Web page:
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Foreign aid and the primacy of coalition politics

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  • Foreign aid and the primacy of coalition politics
  • Peters, Anne Mariel
  • Center for Global Development


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Title Foreign aid and the primacy of coalition politics
Similar Titles
Material Type Articles
Author(English)

Peters, Anne Mariel

Publisher

[Washington, D.C.]:Center for Global Development

Date 2009-02
Pages 38
Subject Country Egypt(Africa)
South Korea(Asia and Pacific)
Taiwan(Asia and Pacific)
Jordan(Middle East)
Language English
File Type Link
Subject Official Aid < Public Administration
Holding Center for Global Development

Abstract

The very different institutional contributions of large-scale American aid to Egypt, Jordan, South Korea, and Taiwan are best explained by different authoritarian coalitions in each aid recipient. Rulers in Egypt and Jordan have based their rule on highly disparate, distributive coalition strategies and have thus incorporated foreign aid into institutions of patronage, while donorfinanced parallel institutions also provide public goods and thereby allow central patronage institutions to remain in place. By contrast, rulers in South Korea and Taiwan relied upon narrow, developmental coalitions and used American financial and technical assistance to create new, more efficient institutions. As a geopolitically-concerned donor, the U.S. was acutely aware of coalition pressures in each recipient and configured aid as such.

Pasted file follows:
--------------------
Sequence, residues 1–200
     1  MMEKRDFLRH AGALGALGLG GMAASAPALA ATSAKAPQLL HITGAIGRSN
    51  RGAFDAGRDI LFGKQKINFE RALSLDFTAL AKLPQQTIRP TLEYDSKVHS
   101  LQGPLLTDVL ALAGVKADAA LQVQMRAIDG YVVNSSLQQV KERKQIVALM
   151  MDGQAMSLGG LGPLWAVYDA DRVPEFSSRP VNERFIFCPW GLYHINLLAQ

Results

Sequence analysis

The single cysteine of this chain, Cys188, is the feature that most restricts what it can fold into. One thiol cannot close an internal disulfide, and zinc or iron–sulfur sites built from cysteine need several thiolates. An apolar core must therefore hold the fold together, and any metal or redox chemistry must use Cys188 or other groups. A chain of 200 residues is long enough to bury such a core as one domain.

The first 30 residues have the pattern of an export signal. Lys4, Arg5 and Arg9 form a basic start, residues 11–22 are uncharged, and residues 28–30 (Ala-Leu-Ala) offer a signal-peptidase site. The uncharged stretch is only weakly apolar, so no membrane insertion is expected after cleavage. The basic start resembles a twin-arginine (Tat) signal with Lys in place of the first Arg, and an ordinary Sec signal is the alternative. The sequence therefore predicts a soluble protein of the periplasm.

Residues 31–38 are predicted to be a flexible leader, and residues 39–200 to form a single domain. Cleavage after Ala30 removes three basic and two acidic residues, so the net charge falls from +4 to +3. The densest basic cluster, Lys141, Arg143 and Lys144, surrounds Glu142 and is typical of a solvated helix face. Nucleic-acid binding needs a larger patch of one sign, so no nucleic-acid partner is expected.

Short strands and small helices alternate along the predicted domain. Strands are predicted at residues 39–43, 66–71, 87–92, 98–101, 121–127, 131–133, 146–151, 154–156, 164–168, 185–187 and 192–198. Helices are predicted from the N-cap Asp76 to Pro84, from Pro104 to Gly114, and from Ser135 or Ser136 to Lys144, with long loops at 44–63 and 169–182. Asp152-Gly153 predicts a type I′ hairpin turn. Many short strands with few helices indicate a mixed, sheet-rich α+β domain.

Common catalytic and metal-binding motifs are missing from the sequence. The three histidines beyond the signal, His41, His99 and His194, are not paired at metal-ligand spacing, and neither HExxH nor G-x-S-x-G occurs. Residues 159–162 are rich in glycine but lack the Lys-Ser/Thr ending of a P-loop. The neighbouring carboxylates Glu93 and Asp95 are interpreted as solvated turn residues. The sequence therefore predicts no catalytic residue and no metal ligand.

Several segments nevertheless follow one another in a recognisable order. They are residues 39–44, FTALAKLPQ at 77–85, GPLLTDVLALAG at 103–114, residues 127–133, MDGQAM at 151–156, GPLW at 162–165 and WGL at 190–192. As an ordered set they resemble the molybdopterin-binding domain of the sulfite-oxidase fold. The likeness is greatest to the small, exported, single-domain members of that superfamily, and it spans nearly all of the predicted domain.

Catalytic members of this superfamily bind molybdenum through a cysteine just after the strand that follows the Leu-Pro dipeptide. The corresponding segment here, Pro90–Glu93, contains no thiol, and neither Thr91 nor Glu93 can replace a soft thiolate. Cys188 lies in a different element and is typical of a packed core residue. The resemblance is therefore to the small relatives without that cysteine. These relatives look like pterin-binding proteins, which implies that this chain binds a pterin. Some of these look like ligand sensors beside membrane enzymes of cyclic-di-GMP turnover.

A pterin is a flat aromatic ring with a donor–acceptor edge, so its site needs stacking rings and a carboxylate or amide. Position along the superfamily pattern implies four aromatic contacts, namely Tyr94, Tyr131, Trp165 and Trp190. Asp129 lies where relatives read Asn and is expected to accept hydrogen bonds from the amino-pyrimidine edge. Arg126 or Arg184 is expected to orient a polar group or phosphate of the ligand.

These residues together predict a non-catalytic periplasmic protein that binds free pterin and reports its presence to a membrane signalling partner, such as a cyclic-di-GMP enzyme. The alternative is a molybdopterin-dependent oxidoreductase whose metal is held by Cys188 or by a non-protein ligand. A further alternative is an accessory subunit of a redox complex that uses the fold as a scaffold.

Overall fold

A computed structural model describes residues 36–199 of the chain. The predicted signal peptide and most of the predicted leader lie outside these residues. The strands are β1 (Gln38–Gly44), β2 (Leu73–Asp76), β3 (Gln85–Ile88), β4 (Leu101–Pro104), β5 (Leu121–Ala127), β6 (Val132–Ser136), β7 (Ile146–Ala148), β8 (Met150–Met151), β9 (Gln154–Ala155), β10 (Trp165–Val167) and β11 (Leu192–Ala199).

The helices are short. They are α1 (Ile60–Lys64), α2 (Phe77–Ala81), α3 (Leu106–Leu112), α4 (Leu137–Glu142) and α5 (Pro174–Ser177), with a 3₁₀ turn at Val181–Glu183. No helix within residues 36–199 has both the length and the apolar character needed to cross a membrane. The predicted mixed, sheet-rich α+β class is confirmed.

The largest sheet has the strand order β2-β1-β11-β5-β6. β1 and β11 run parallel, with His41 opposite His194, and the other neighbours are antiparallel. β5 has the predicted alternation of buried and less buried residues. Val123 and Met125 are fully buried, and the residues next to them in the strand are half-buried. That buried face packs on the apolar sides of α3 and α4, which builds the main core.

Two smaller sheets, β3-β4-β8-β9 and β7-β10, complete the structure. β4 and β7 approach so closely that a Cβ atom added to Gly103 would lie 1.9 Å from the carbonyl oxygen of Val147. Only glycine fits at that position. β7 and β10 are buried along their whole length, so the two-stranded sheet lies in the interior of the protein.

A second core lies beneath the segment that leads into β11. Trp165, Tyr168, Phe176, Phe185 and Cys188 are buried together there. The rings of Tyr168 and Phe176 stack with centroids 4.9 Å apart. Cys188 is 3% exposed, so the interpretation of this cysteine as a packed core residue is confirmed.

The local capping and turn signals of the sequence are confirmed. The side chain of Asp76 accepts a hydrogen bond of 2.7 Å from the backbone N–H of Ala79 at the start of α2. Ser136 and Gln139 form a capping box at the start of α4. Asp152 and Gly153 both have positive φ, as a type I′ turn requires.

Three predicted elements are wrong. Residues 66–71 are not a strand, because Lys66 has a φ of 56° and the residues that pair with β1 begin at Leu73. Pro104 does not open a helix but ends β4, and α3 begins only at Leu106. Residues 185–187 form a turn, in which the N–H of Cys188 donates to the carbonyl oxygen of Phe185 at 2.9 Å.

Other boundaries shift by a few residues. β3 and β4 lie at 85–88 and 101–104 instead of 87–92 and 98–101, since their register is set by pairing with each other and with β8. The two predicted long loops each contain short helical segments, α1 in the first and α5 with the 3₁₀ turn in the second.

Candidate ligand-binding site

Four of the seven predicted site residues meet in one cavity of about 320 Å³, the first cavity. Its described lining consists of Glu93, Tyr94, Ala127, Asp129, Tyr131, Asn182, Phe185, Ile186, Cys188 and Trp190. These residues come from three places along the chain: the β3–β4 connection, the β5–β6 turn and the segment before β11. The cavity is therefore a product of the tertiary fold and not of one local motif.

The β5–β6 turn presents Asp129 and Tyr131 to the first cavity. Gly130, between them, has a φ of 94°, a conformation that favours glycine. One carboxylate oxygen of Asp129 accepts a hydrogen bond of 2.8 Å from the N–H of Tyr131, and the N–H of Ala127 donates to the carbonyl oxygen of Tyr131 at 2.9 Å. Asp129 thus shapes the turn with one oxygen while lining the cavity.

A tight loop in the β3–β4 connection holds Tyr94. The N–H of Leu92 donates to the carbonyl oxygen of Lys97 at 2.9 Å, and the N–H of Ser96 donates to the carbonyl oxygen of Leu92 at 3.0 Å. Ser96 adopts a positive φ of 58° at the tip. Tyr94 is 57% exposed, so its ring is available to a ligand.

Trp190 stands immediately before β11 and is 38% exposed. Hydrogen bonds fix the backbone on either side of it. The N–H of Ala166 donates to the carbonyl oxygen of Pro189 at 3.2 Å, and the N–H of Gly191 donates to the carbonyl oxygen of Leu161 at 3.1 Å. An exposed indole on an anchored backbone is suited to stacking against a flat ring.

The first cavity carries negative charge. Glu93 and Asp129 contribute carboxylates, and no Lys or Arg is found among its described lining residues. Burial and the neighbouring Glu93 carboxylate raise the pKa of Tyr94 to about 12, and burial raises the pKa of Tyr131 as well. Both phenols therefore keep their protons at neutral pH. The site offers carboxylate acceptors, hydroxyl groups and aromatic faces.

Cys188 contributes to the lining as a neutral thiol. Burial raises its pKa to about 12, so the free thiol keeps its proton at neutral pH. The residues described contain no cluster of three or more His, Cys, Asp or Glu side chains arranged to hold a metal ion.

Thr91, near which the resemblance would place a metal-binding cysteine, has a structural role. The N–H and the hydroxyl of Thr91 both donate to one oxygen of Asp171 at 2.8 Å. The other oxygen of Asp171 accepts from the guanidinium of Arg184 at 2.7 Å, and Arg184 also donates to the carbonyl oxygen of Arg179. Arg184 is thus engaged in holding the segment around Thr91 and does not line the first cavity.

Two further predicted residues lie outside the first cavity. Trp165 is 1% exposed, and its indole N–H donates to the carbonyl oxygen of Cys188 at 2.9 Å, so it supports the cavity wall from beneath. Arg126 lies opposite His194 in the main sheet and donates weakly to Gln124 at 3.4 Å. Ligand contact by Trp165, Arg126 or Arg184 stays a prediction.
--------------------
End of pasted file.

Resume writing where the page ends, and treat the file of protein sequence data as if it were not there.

User Note

Title: Special relationships, dollars, and development: U.S. foreign aid and state-building in Egypt, Jordan, South Korea, and Taiwan
Chapter Title: Foreign aid and the primacy of coalition politics

Presented to the Center for Global Development
Washington, DC, February 20, 2009